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Welcome to Cemetech!
Since 2000, Cemetech (pronounced KE'me'tek) has been teaching programming and electronics and developing software and hardware.
Among Cemetech's specialties are TI, HP, and Casio graphing calculators like the TI-84 Plus, TI-Nspire, HP Prime, and Casio Prizm, embedded and DIY electronics, and computer and web programming. Cemetech provides a safe, friendly space for people to learn, show off projects, and share knowledge and expertise.
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hang out on our forum and IRC and SAX chatrooms, and are happy to help.
TI Education has posted the teaser image below on its Facebook page, asking visitors to guess the new colors of the TI-84 Plus CE to be released in time for Back to School 2016. As you may know (and the image below certainly reinforces), the TI-84 Plus CE currently is manufactured in seven colors: red, denim, plum, denim, lightning (light blue), silver, pink, and black.
Now, TI is teasing the addition of two new colors, one of which is gold, and the other of which may (or may not) be white, thanks to a tip from our French friends. At T^3 2016, we got to see the gold TI-84 Plus CE below, which was at the time the first of its kind in general circulation. What do you think of the gold, and do you think white will be the other new color? Do you, like us, wish that there was also a translucent TI-84 Plus CE, a la the TI-83 Plus Silver Edition of yore? Are there any other TI-84 Plus CE colors you'd like to see (or current colors you think should be removed)? Let us know in the attached thread.
On a roll after porting Conway's Game of Life from the Casio Prizm to the TI-84 Plus CE, Shaun "Merthsoft" McFall has now released Minesweeper for the TI-84 Plus CE as well. A port of his Minesweeper for the Casio Prizm, written in C, it provides all of the Minesweeper fun and frustration you've come to expect from the game. Move a cursor around the screen to click on squares and reveal what's underneath - but click on a mine, and the game is over. You can flag squares as suspected mines, just like in the PC version, and the game will also tell you how many mines are left to find. Like his Game of Life, Merth's Minesweeper is open source; the code should provide a good learning tool for others looking to port their Prizm games to the TI-84 Plus CE. Congratulations to Merth on another great TI-84 Plus CE program, and if you have any feedback or comments, please post them in the attached topic for him.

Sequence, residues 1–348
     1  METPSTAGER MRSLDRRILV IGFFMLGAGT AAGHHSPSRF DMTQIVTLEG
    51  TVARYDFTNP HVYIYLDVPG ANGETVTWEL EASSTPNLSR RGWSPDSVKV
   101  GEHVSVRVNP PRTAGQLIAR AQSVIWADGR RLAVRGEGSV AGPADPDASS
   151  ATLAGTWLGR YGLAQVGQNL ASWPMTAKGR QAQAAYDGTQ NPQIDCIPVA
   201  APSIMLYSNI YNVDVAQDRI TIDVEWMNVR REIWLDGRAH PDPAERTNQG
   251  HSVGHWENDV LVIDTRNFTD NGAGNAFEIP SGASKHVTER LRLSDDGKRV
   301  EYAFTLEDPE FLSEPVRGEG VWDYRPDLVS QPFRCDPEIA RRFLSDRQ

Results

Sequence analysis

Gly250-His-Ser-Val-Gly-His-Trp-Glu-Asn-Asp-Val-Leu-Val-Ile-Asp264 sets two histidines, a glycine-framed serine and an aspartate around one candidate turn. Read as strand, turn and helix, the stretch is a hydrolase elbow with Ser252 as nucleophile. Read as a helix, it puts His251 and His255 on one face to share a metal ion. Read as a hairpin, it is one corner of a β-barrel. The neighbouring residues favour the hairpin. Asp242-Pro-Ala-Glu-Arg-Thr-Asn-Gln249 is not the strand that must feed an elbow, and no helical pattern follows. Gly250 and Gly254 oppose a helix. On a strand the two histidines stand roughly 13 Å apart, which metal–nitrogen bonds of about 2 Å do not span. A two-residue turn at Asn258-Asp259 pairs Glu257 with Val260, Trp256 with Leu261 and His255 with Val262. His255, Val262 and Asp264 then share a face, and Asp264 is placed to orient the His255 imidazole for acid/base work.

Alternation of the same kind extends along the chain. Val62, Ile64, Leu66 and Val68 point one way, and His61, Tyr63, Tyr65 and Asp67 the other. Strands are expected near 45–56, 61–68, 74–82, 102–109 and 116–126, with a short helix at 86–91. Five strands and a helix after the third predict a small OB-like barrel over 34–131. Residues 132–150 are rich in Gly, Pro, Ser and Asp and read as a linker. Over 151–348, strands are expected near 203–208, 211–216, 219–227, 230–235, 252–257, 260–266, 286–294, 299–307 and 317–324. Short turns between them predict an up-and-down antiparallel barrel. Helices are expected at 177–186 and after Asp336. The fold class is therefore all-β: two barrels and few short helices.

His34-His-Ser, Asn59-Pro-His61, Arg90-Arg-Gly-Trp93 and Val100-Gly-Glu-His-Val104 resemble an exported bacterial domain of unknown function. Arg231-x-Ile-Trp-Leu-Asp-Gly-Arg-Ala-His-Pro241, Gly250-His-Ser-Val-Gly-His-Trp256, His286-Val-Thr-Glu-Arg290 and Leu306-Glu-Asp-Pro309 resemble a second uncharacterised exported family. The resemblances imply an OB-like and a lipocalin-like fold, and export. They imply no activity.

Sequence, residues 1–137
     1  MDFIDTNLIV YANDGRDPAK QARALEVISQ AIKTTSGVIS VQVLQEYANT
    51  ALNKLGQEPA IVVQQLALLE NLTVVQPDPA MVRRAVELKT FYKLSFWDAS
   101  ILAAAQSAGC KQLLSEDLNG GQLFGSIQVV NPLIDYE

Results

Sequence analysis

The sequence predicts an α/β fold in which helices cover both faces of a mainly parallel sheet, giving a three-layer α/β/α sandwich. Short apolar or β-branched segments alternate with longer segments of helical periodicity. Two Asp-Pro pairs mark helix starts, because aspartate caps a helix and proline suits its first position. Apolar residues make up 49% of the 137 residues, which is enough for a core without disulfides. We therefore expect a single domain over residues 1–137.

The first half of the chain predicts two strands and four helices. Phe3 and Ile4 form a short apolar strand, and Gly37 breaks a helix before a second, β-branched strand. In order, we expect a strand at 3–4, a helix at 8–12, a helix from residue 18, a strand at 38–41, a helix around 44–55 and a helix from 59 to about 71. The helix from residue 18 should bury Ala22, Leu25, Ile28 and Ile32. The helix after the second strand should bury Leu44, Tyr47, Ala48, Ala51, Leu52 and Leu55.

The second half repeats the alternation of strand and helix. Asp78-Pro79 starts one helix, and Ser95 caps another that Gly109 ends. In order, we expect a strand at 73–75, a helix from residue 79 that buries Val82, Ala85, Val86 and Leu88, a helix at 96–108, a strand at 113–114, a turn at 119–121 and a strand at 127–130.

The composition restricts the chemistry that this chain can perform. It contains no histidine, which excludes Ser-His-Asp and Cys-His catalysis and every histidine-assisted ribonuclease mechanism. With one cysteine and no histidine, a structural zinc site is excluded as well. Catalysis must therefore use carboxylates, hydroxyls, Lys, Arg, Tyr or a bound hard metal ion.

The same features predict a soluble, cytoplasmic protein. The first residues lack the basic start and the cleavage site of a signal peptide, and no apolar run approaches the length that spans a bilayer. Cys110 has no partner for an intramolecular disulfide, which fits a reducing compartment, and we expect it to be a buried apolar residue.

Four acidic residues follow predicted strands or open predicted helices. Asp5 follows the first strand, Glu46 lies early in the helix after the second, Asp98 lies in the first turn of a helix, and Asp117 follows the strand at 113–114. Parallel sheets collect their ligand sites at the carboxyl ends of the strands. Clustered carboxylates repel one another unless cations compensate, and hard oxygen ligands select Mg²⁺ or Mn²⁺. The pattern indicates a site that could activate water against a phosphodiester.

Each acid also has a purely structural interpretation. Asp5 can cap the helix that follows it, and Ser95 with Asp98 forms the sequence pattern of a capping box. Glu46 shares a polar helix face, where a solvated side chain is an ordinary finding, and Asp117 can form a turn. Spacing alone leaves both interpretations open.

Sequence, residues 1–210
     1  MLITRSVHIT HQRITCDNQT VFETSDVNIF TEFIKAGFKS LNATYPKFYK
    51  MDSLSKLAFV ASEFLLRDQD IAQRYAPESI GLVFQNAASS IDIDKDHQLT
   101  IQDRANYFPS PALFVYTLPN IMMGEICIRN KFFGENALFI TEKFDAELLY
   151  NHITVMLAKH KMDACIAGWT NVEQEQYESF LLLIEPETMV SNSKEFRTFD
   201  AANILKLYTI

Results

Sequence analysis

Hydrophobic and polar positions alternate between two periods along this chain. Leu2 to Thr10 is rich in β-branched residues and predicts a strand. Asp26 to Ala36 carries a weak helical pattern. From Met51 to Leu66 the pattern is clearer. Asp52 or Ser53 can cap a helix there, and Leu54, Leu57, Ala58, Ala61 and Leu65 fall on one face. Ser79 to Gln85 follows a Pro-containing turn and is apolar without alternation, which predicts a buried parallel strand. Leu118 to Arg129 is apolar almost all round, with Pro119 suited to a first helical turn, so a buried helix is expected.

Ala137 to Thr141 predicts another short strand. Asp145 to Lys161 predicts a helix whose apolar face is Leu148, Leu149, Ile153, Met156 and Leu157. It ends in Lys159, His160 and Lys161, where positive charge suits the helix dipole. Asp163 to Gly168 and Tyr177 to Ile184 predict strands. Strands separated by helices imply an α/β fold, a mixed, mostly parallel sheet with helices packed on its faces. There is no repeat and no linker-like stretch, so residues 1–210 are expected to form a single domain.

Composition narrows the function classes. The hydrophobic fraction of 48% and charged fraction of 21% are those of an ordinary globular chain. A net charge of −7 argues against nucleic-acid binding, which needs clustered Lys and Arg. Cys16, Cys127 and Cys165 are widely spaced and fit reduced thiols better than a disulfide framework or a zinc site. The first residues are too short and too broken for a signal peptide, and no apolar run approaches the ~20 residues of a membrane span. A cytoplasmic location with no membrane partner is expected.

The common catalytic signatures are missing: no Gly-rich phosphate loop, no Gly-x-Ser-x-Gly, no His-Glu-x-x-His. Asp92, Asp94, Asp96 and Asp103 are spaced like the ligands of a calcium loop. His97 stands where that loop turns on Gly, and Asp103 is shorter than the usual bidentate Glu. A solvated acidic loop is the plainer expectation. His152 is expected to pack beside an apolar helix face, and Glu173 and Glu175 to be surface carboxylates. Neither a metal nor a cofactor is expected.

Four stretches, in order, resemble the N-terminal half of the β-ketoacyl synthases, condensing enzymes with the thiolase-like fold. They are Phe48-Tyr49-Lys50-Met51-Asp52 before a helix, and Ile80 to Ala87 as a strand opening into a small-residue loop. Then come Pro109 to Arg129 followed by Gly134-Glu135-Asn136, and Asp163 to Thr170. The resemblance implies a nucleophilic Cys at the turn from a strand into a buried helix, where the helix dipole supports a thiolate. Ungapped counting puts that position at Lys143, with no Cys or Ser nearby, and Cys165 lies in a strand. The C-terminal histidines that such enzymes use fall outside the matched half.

In January, I attended CES 2016, and this month, I had the opportunity to go to the GPU Technology Conference 2016. GTC was notably smaller and less populated than CES, but I expected as much despite GTC attendance doubling since 2012. By 2pm the exhibition floor was not nearly as crowded as it was at 11a after the keynote. Thankfully, unlike CES16 I was able to try an Oculus Rift in 45 minutes. Unlike PSVR at CES I did get a little sense of motion sickness. Now, I'm not one to get motion sickness but I attribute this case to the fact that I was turning my head and piloting the space ship all while planted in a chair. I also found an open-source tool to generate neural network images, plus another website that does this stuff: http://deepart.io.
This brings me into the keynote. I wouldn't have a lot to write about if I didn't get into the keynote. I had a seat right up front behind the rows of press. It started a few minutes after 9am but while we waited there was a great screen saver of sorts on the stage screen. Once underway Jen-Hsun, the CEO and co-Founder of NVIDIA, mentioned the 5 areas he'd be speaking on today: The NVIDIA SDK, Tesla P100, Iray VR, Autonomous Cars plus HD Mapping and, the DGX-1. I didn't take notes during this whole thing and decided to take photos on my phone pretty late through the keynote so I'll only touch on the stuff I remember.